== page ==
The needs and requirements of our indoor plants differ from the needs of our outdoor ones. Receiving light through our windows, rather than from direct outdoor sunlight, creates a different scenario for houseplant maintenance.
Here, I have gathered some tips together for keeping our indoor plants healthy and happy, along with some ideas for imparting natural solutions to some common problems we may encounter while tending to our plants.
1) First of all, be sure to fertilize your houseplants by spreading some compost over the top of the soil. As you water, the compost will work its way down into the soil and begin to give the roots a good feed. This is essential for establishing and maintaining a solid, healthy foundation for your plants to grow from.
2) You will want to allow the soil to dry out before watering them again. Since they live in pots, houseplants are quite prone to over-watering. Their roots will rot, and you will see yellow leaves on the plant if they are over-watered.
3) When you do water, be sure to do so thoroughly. Make sure the water comes out of the drainage hole at the bottom of the pot. I have always done this with my plants, and I have had numerous encounters with spillage too, so I highly suggest keeping a plate or tea towel under your plant pot.
Rainwater is of course ideal, but you can use filtered or bottled water, or the water from a dehumidifier. If all you have is tap water, let it sit overnight in an open container before pouring it on your plants to allow some chemicals to evaporate.
4) Aerate the soil by gently poking and stirring it, preferably with something wooden. Try to steer clear of using metal objects for this, as they can upset the natural soil balance. I use chopsticks for this. Potted plants’ soil can get hard and compacted if it is not loosened by aeration – and keeping up with the practice will also his also help to prevent root rot.
5) Re-pot your houseplants periodically. As their roots grow, they will need larger containers. I’ve learned this the hard way! They may also need fresh soil from time to time.
Alternatively, you may also wish to trim the roots of some species instead of moving them to larger containers. This is best done with plants that have sturdier roots.
6) Be sure your plants are getting enough sunlight. South-facing or east-facing windows are best. Turn your plants if you see them slanting toward the light source, to balance out the growth of the plant.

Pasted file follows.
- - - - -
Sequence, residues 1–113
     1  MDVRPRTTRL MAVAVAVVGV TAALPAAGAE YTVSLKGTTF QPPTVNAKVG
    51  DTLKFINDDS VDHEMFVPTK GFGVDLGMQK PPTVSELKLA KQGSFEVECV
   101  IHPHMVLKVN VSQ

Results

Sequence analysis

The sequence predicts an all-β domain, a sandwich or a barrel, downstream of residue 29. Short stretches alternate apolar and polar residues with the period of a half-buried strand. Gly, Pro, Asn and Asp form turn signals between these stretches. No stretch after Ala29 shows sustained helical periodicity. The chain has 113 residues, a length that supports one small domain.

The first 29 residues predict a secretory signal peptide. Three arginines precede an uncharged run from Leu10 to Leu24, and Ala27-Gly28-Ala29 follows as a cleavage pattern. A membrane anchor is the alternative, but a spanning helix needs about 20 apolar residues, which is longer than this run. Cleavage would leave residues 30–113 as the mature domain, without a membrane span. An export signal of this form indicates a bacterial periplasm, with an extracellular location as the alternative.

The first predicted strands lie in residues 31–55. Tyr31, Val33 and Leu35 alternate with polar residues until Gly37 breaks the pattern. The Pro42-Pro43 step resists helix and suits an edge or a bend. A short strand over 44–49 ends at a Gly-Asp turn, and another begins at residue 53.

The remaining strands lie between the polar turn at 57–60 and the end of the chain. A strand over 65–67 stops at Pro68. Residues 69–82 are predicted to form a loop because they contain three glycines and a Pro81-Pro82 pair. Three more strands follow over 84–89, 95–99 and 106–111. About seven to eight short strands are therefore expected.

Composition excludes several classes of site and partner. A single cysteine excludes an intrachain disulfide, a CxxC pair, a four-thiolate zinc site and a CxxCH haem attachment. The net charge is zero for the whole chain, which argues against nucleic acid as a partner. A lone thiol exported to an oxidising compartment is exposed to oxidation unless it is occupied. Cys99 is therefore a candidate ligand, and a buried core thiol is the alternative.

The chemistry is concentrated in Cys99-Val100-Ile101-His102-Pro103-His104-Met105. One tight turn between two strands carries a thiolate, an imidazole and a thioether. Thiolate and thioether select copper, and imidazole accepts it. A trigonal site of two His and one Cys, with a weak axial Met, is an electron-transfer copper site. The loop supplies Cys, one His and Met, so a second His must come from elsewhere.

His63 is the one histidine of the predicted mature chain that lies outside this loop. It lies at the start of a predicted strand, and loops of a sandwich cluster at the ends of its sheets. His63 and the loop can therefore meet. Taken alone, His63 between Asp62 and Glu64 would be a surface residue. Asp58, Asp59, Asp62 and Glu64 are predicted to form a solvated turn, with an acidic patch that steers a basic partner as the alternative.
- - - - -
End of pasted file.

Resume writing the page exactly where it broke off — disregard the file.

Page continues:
If you don’t have enough natural light, you may wish to invest in a grow light. All you need to do with one of these is hang it over the plants, and keep it on for about 8-12 hours a day.
7) Be very gradual if you move your houseplants outdoors during the warm weather, and then indoors when it gets colder. As the weather cools, start by putting the plants indoors only at night.
Then, put them inside for a few hours each day, increasing the time the plants are indoors every few days. As the warmer weather comes on, start by moving plants outdoors during the day for a few hours at a time.
Some Common Houseplant Problems And How to Solve Them Naturally:
- If you suspect insect infestation, or if you wish to prevent it, here are some natural ways to keep bugs from destroying your houseplants.
* Bay Leaves are a very effective bug repellent. Break up a few leaves and sprinkle them over the top of the soil of the plant. You may also wish to place some bay leaves around the base of the plant pot.
* Neem Oil is a natural insecticide. You can buy a concentrated form of neem and add it to water, or purchase a commercial neem-based insecticide.
* Soap Insecticide is very effective, especially against white fly and aphids. Use one teaspoon of natural liquid soap to one quart of water, mix this up, and then spray it on your plants. Be sure to get under the leaves as well. If the problem is a very bad one, cover the pot with your hands and turn the plant upside-down into a pan of soapy water. This will dip all the foliage into the solution.
- Fungus can be controlled by the above-mentioned neem oil. You may also wish to use a tablespoon or two of vinegar to one gallon of water to make a natural fungicide.
I hope this article helps you out with growing and maintaining a lush, healthy, happy indoor plant garden! They are so beneficial to us, in so many ways (please see my article on plants that can help clean indoor air). Quite honestly, I don’t think I could ever be without a large population of plants in my home.